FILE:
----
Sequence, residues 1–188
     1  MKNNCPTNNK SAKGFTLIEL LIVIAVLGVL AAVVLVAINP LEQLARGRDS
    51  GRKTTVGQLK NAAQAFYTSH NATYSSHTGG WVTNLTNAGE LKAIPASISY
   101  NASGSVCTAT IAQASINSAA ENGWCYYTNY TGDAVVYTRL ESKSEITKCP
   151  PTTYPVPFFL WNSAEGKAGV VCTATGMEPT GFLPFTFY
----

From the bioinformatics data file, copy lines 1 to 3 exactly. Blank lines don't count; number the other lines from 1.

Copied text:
Sequence, residues 1–188
     1  MKNNCPTNNK SAKGFTLIEL LIVIAVLGVL AAVVLVAINP LEQLARGRDS
    51  GRKTTVGQLK NAAQAFYTSH NATYSSHTGG WVTNLTNAGE LKAIPASISY